If religion and fundamentalism continues to grow in this country, they will impede scientific progress and rational thinking. They will impede our freedom to discover, to question, to seek for answers, and to defend our ideas and beliefs. Religion and fundamentalism breed intolerance because they prevent us from changing our opinions and stance in spite of us being shown wrong. Freedom of speech is the foundation of enlightenment. As Christopher Hitchens said, it is not so much what we think is important; it is also matters how we think it. It is frightening to learn that people in the U.A.E. countries read only one book every ten years, and that Spain has translated more English books into Spanish in one year than all the Arab countries into Arabic in the last 1,000 years. In contrast, research have shown that people in non-religious or secular countries tend to have higher levels of education, IQ, and verbal ability; lower levels of prejudice, ethnocentrism, racism, and homophobia; and greater support for women’s equality and independent thinking than in religious countries. Correlation is not causation, of course, but it is telling that social benefits seem to flourish in the absence of religion or when religion exerts little influence on the society.
I find it distressing to learn from a recent survey by MASTIC that showed half of Malaysian scientists still believe humans were created by a Supreme Being, and a third do not believe the Big Bang created the universe. These Malaysian scientists have apparently built mental walls to separate science from their everyday thinking and decision-making process. Science appears just a tool they use at work. I fear it is not just Malaysian scientists but also includes our schoolchildren, many of whom view science is just one of the subjects at school that they have plod through and where only 20 to 30% of them will choose science-based careers.
There is something wrong when our national school exams show continuous improvement in overall test scores every year, only for us to be brought down to earth when our school students take the international exams for science and mathematics. For the past decade, Malaysia has been ranked as the country having one of the lowest literacy in science and mathematics in the world.
Racism, religiosity, prejudice, and unscientific thinking are all related to one another.
It is too easy to blame all ills on the current government, as the opposition love to do and would like us to follow suite. But the opposition stand just as clueless as the accused for the solutions to Malaysia’s rot. The opposition talk about “Ubah” or “Big Change”. But it isn’t just change that Malaysia needs. It is a complete (and very painful) upheaval involving the whole political and social structure. The reboot process involves the following:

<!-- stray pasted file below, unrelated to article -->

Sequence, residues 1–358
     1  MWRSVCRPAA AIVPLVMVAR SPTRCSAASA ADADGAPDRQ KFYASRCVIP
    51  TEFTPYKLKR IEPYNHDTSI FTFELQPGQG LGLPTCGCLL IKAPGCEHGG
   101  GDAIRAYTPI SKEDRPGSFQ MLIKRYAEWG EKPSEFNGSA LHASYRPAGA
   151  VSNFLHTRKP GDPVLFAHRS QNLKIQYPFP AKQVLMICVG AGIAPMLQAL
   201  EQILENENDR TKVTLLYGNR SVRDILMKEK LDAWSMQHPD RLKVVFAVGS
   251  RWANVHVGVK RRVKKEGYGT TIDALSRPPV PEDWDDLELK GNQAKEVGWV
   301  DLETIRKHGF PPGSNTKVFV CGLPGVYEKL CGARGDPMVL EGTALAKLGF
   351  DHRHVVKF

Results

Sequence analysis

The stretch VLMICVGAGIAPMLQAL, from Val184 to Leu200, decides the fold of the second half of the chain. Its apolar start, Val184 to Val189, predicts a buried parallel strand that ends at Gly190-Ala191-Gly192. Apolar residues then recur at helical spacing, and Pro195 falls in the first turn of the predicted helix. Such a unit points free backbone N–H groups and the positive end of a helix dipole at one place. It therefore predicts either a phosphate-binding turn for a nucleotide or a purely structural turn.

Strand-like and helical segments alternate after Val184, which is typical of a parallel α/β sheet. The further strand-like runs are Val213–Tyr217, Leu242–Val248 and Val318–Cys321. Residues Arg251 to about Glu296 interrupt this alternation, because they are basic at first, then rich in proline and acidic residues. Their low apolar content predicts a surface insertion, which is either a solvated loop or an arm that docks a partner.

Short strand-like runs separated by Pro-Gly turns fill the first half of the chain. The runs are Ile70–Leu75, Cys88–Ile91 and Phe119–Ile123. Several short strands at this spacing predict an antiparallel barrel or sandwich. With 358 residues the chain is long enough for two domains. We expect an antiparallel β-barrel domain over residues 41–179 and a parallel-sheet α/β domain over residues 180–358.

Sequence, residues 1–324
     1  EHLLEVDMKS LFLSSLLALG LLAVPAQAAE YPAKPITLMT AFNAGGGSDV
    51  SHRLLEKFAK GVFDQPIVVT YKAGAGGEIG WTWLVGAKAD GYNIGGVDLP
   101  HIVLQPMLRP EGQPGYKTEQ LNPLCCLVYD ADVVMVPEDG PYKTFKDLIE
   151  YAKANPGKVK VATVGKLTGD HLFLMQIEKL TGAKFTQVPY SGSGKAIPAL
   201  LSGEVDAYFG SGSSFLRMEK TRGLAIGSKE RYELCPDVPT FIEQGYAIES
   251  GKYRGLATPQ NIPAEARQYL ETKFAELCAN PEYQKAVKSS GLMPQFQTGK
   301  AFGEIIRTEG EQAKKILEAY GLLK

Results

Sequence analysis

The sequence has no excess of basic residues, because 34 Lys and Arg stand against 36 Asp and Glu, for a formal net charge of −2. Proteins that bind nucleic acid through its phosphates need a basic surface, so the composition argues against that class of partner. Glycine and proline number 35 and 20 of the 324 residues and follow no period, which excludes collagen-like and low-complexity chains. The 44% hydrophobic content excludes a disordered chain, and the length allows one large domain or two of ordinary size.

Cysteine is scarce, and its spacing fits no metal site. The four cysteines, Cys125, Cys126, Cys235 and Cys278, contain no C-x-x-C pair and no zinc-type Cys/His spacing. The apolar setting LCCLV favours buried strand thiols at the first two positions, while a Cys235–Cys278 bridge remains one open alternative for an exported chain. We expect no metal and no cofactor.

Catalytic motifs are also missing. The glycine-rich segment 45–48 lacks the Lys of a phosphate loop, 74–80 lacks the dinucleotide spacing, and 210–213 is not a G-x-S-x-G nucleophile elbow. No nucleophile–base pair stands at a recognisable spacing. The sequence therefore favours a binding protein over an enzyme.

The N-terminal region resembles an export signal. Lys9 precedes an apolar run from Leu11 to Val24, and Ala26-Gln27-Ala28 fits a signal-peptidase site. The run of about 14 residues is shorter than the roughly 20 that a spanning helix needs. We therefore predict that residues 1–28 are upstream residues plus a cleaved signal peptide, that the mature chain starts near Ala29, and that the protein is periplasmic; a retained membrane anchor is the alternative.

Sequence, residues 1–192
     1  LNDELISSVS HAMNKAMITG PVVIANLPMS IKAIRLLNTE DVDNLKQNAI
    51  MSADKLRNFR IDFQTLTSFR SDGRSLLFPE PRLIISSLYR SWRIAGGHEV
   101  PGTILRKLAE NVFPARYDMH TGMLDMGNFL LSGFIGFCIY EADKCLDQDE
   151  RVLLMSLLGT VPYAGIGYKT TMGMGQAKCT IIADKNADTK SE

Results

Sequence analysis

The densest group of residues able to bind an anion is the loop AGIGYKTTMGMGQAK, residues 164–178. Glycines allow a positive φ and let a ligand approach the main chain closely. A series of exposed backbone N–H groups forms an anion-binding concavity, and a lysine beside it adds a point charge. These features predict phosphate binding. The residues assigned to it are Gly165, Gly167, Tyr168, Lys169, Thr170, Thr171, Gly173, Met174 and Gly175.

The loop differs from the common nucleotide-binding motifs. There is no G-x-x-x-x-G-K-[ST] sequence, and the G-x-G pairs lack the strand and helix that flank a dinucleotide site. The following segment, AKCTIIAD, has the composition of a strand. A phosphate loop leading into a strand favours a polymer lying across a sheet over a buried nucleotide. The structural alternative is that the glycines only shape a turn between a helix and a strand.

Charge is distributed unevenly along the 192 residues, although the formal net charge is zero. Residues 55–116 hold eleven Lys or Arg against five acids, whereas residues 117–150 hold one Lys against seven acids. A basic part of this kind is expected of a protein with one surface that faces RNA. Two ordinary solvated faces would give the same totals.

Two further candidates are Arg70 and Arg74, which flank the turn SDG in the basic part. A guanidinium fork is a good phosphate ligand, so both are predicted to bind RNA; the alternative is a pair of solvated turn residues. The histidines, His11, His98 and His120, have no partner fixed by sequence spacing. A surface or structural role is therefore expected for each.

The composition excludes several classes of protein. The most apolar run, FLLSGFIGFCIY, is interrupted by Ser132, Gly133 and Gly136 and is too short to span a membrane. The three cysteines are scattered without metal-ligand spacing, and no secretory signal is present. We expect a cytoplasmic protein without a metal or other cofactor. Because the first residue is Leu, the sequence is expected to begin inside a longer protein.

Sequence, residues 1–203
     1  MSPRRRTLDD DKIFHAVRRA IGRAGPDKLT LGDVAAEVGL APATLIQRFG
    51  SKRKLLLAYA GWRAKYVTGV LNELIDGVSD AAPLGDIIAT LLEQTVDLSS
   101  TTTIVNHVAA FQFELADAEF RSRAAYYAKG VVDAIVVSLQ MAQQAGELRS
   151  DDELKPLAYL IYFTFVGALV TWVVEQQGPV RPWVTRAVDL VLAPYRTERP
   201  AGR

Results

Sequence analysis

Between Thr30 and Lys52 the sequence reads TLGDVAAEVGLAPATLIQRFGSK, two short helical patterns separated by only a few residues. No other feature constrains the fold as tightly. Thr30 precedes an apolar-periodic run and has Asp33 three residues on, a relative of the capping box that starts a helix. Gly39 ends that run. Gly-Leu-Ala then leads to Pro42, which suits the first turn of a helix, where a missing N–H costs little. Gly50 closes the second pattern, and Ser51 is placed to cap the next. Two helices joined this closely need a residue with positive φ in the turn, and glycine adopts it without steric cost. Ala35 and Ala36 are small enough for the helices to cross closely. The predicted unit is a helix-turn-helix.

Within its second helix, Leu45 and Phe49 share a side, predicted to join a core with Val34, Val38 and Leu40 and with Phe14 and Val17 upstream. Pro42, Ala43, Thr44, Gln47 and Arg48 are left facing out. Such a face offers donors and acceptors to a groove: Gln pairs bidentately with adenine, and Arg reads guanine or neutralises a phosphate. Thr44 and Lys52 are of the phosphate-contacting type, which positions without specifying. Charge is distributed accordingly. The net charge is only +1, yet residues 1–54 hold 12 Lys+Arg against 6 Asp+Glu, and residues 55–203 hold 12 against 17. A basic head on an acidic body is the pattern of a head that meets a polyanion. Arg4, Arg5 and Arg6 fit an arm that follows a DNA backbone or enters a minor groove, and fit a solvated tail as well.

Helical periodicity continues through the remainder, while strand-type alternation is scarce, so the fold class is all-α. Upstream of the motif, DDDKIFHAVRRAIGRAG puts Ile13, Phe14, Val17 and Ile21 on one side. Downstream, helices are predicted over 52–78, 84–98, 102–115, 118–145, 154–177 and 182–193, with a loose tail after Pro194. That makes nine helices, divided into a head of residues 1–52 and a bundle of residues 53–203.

- We must separate religion from government and from all public affairs.
- We must have complete freedom of speech, where no beliefs and no ideas are taboo.
- We must make science the foundation upon which the country develops.
- We must de-emphasize differences between races by not dividing the society along racial lines but along lines of people who need the least to most help, for instance.
- We must create a society that is safe and governed by a just government, free of corruption at all levels.
I am under no illusions. These five steps will be extremely difficult to achieve, considering the current state of our country and the peoples. Any politician today advocating such a Malaysian reboot (especially advocating separation of religion from government) will be committing political suicide. Optimistically, it may take a hundred years for Malaysia to achieve a complete reboot.
Like any responsible parent, I would like my child to flourish. I want my son to learn, live, work, and love in a society that is intellectual, sophisticated, adaptable, and culturally-rich, one that provides him with opportunities to discover his talents and use them to lead a meaningful and productive life. That Malaysia is still far from being such a nation is not what upsets me. No, what upsets me the most is that Malaysia is regressing from being such a nation, that the country today is becoming increasingly oppressive, intolerant, narrow-minded, and unscientific, and that the rot in Malaysia is simply this: the Malaysian mind is closing.
- Buchanan, M. 2007. Are we born prejudiced? New Scientist, 17 March 2007, issue 2595, pg. 40-43.
- Chuah, S-H., Hoffman, R., Ramasamy, B. and Tan, J.H.W. 2014. Religion, ethnicity and cooperation: An experimental study. Journal of Economic Psychology, 45: 33-43.
- Cribari-Netoa, F. and Souza, T.C. 2013. Religious belief and intelligence: Worldwide evidence. Intelligence, 41: 482–489.
- Zuckerman, P. 2009. Atheism, secularity, and well-being: How the findings of social science counter negative stereotypes and assumptions. Sociology Compass, 3: 949–971.